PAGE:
The mission of the Son of God confirms the same truth. In his first sermon at Nazareth this was clearly shown. He came from Heaven to this lower world; and he commenced his public ministry by stating the object for which he came. It was "to comfort all who mourn; to give them beauty for ashes, the oil of joy for mourning, and the garment of praise for the spirit of heaviness." In full accordance with his opening address, were all his subsequent declarations. Did he not appear as the comforter of those who mourn when he said, "Come unto me, all you who labor and are heavy laden, and I will give you rest?" He here invites the weary and wretched to come to him, that they might be made happy in the enjoyment of his redeeming love. He promises to . . .
fill their empty souls with heavenly peace,
subdue the evil passions of their nature,
bid the rising storm be still; and
bless them with those blessings
which no time can impair,
which no calamity can affect,
which no violence can ever destroy.
This is his special office — his divinely-appointed work; and it is one in which his soul delights.
That he might, as the Consolation of his people, be fully qualified for this high function, it pleased his heavenly Father that he should experimentally know what trials and temptations were. The Apostle speaks of the great Captain of our salvation, as being made perfect through suffering, that he might be able to sympathize with those who are in sorrow. "For we do not have a high priest who is unable to sympathize with our weaknesses, but we have one who has been tempted in every way, just as we are — yet was without sin." "For this reason he had to be made like his brothers in every way, in order that he might become a merciful and faithful high priest in service to God, and that he might make atonement for the sins of the people. Because he himself suffered when he was tempted, he is able to help those who are being tempted."
O believer, think of this. Whatever your trials may be — he knows of them; and he will sympathize with you, and impart help and support to you.
Are you struggling with the evils of poverty? Ah! he knows what they are. "The foxes had holes, and the birds of the air had nests, but the Son of Man had not where to lay his head." He was a poor houseless, homeless wanderer, in that world which his own hands had made, and which is preserved by his mighty power. "Although he was rich, yet for our sakes he became poor, that we through his poverty might be made rich."
Are you suffering under slanderous and unjust accusations? When he performed his mighty deeds, he was charged with having fellowship with the powers of darkness. When he wrought his works of mercy and love on the Sabbath, he was accused of breaking that law which he came to fulfill. When he mixed with sinners, they called him a glutton and a drunkard. Never did anyone experience, so fully as he did, the folly, the ingratitude, the betrayal, the malice, the madness of the children of men. "Consider him who endured such opposition from sinful men, so that you will not grow weary and lose heart."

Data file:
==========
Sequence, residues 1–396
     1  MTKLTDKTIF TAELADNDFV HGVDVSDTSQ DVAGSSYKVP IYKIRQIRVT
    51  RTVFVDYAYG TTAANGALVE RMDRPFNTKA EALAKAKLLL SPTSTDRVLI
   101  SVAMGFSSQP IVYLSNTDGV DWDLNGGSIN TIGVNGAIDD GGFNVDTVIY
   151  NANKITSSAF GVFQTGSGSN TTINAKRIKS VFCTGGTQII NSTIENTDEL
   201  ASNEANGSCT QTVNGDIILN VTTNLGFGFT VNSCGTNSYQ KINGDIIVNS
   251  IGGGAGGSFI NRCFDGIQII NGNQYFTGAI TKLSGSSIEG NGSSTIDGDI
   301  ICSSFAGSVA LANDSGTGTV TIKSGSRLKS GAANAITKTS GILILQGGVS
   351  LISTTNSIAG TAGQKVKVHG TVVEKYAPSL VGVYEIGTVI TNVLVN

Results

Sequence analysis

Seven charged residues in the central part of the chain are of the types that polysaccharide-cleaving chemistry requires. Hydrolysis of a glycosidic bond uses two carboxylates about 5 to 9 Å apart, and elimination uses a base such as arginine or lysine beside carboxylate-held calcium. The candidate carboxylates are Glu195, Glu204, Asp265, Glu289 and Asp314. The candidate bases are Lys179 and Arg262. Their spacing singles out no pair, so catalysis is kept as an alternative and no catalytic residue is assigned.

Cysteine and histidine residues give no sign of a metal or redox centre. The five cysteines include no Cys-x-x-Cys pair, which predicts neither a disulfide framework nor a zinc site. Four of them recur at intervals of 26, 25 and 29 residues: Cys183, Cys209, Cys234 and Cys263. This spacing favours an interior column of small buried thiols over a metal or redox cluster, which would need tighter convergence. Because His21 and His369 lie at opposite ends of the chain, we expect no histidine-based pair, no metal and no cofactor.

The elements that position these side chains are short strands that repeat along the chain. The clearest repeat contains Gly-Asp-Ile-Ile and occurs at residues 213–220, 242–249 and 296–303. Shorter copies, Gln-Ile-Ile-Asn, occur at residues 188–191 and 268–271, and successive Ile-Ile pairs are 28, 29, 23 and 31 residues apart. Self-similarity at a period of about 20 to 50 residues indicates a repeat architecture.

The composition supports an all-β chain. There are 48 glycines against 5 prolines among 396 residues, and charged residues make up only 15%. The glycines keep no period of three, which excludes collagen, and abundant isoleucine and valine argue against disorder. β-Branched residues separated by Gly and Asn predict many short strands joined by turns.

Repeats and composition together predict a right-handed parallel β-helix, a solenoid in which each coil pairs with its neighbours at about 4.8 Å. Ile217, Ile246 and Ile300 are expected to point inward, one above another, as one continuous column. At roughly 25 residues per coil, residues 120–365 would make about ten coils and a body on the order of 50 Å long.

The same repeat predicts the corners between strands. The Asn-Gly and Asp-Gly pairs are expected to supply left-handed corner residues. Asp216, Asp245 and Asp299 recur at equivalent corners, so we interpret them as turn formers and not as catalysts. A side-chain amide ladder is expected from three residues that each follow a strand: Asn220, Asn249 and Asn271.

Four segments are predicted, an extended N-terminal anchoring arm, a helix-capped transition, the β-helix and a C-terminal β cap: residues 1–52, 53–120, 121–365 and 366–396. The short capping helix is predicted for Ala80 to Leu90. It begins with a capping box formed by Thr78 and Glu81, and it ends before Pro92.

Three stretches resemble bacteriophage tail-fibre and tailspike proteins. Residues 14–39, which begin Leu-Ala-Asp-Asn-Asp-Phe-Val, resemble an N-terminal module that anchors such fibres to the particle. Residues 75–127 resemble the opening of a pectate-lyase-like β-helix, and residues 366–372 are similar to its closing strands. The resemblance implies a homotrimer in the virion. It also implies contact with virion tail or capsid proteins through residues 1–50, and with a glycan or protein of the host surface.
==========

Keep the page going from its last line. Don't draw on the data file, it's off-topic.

Are you the subject of pining sickness? Are your days wearisome, and your nights restless? He can sympathize with you, for he took our infirmities, and bore our sicknesses. The pain which racks and pierces; the debility which unnerves; the disease which wastes away — he well knows what they are.
Is Satan casting his fiery darts at you? Those darts were cast at him!
"Touched with a sympathy within,
He knows our feeble frame;
He knows what sore temptations mean,
For he has felt the same.
But, spotless, innocent, and pure,
The great Redeemer stood;
While Satan's fiery darts he bore,
And did resist to blood."
O believer, for being cheered and supported under your sorrows, of whatever nature they may be — look to Jesus! Think of him as your sympathizing High Priest; and in his name draw near to the throne of grace, that you may obtain mercy, and find grace to help in time of need.
Let us think again of the character and work of the Holy Spirit. He is emphatically called the "Comforter." And there are two ways in which he comforts the believer. He does so, in the first place, by revealing the person and offices of the Savior; and, in the second place, by assuring the believer of his saving interest in him. In reference to the former it is said, "He shall glorify me, for he shall receive of mine, and shall show it unto you." And again, "But when the Comforter has come, whom I will send unto you from the Father, even the Spirit of truth, who proceeds from the Father — he shall testify of me." He testifies . . .